Department of Psychology, Harvard University, Cambridge, MA 02138, USA
    Science 317:1402-5. 2007
    ..These findings rule out simple associative accounts of action perception and show that our capacity to infer rational, goal-directed action likely arose at least as far back as the New World monkeys, some 40 million years ago...
  9. doi request reprint Action comprehension in non-human primates: motor simulation or inferential reasoning?
    Justin N Wood
    University of Southern California, Department of Psychology, 3620 South McClintock Ave, Los Angeles, CA 90089, USA
    Trends Cogn Sci 12:461-5. 2008
    ..Motor theories are, thus, insufficient to account for primate action comprehension in the absence of inferential mechanisms...
  10. ncbi request reprint Probing the limits of tool competence: experiments with two non-tool-using species (Cercopithecus aethiops and Saguinus oedipus)
    Laurie R Santos
    Department of Psychology, Yale University, Box 208205, New Haven, CT, USA
    Anim Cogn 9:94-109. 2006
    ..These results provide further evidence that tool-use may derive from domain-general, rather than domain-specific cognitive capacities that evolved for tool use per se...
  11. ncbi request reprint Free-ranging rhesus monkeys spontaneously individuate and enumerate small numbers of non-solid portions
    Justin N Wood
    Department of Psychology, Harvard University, 33 Kirkland Street, Cambridge, MA 02138, USA
    Cognition 106:207-21. 2008
    ..We discuss our results with respect to theories of visual processing, as well as to the role that the human language faculty may have played in both the evolution and development of quantification...
  12. doi request reprint Rhesus monkeys' understanding of actions and goals
    Justin N Wood
    Harvard University, Department of Psychology, Cambridge, Massachusetts 02138, USA
    Soc Neurosci 3:60-8. 2008
    ..Monkeys' pattern of success and failure supports the hypothesis that motor areas play a functionally significant role in event parsing and action understanding...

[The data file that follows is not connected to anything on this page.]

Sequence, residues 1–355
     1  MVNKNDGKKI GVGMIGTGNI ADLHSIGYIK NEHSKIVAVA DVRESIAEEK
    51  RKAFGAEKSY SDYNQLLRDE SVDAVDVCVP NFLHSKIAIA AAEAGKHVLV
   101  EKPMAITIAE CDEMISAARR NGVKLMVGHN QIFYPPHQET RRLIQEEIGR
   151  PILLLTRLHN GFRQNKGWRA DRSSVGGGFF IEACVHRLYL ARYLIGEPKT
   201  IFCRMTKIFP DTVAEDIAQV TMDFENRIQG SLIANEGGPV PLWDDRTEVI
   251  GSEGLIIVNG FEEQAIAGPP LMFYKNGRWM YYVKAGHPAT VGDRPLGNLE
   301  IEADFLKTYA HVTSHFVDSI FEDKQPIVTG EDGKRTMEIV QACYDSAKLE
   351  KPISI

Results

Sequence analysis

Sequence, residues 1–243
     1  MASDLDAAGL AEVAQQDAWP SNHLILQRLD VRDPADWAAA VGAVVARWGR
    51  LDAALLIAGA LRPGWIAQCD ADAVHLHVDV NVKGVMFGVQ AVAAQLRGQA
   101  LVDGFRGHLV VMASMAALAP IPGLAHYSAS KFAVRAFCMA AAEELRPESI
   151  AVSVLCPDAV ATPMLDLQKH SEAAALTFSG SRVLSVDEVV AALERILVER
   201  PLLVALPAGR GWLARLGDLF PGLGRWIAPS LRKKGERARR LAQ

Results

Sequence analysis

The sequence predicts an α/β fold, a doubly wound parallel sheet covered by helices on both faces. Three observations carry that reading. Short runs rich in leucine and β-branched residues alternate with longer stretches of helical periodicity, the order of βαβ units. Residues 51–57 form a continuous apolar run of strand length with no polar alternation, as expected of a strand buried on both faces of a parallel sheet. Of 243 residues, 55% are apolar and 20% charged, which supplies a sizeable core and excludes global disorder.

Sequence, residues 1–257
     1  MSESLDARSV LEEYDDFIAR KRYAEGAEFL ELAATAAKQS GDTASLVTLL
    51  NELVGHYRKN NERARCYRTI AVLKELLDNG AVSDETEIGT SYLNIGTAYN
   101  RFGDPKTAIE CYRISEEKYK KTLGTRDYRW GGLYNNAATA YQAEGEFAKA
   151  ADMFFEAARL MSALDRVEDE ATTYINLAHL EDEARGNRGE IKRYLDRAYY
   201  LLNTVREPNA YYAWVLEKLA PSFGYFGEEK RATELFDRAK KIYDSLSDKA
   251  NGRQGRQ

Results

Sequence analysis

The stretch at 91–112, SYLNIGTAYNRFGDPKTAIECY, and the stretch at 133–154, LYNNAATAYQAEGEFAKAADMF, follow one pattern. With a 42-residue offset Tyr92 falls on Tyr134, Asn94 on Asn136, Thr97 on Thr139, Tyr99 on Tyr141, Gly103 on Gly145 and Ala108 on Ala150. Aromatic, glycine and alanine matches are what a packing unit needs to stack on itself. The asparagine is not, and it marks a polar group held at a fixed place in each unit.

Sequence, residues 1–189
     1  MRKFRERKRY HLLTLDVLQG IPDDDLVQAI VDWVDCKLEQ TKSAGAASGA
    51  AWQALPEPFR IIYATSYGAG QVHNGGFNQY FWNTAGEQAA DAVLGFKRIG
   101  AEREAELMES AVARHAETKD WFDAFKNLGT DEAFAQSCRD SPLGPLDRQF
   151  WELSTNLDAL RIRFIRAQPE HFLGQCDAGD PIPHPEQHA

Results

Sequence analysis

13. pmc General intelligence in another primate: individual differences across cognitive task performance in a New World monkey (Saguinus oedipus)
    Konika Banerjee
    Department of Psychology, Harvard University, Cambridge, Massachusetts, United States of America
    PLoS ONE 4:e5883. 2009
    ..To this end, we administered a large battery of tasks, representing a broad range of cognitive domains, to a population of captive cotton-top tamarin monkeys (Saguinus oedipus)...
  14. doi request reprint Word segmentation with universal prosodic cues
    Ansgar D Endress
    Department of Psychology, Harvard University, Cambridge, MA, USA
    Cogn Psychol 61:177-99. 2010
    ..These cues may enable infants to start acquiring words in any language even before they are fine-tuned to the sound structure of their native language...
  15. pmc The ecology and evolution of patience in two New World monkeys
    Jeffrey R Stevens
    Department of Psychology and Primate Cognitive Neuroscience Laboratory, Harvard University, Cambridge, MA 02138, USA
    Biol Lett 1:223-6. 2005
    ..Foraging ecology, therefore, may provide a selective pressure for the evolution of self-control...
  16. ncbi request reprint When quantity trumps number: discrimination experiments in cotton-top tamarins (Saguinus oedipus) and common marmosets (Callithrix jacchus)
    Jeffrey R Stevens
    Cognitive Evolution Laboratory, Department of Psychology, Harvard University, Cambridge, USA
    Anim Cogn 10:429-37. 2007
    ....
  17. ncbi request reprint Tracking silence: adjusting vocal production to avoid acoustic interference
    S E Roian Egnor
    Harvard University, William James Hall, 33 Kirkland St, Cambridge, MA 02138, USA
    J Comp Physiol A Neuroethol Sens Neural Behav Physiol 193:477-83. 2007
    ..Taken together, these results show that in the presence of a predictable, intermittent environmental noise, cotton-top tamarins are able to modify the duration, timing, and amplitude of their calls to avoid acoustic interference...
  18. doi request reprint The influence of type and token frequency on the acquisition of affixation patterns: implications for language processing
    Ansgar D Endress
    Department of Psychology, Harvard University, Cambridge, MA, USA
    J Exp Psychol Learn Mem Cogn 37:77-95. 2011
    ..We discuss these findings in the context of general learning mechanisms and the role they may play in language acquisition...
  19. pmc Five-month-old infants' identification of the sources of vocalizations
    Athena Vouloumanos
    Department of Psychology, New York University, 6 Washington Place, New York, NY 10003, USA
    Proc Natl Acad Sci U S A 106:18867-72. 2009
    ..We discuss these findings in terms of how infants may achieve such competence, as well as its specificity and relevance to acquiring language...
  20. ncbi request reprint Perturbation of auditory feedback causes systematic perturbation in vocal structure in adult cotton-top tamarins
    S E Roian Egnor
    Harvard University, William James Hall, 10th Floor, 33 Kirkland Street, Cambridge, MA 02138, USA
    J Exp Biol 209:3652-63. 2006
    ....
  21. ncbi request reprint Nonhuman primates prefer slow tempos but dislike music overall
    Josh McDermott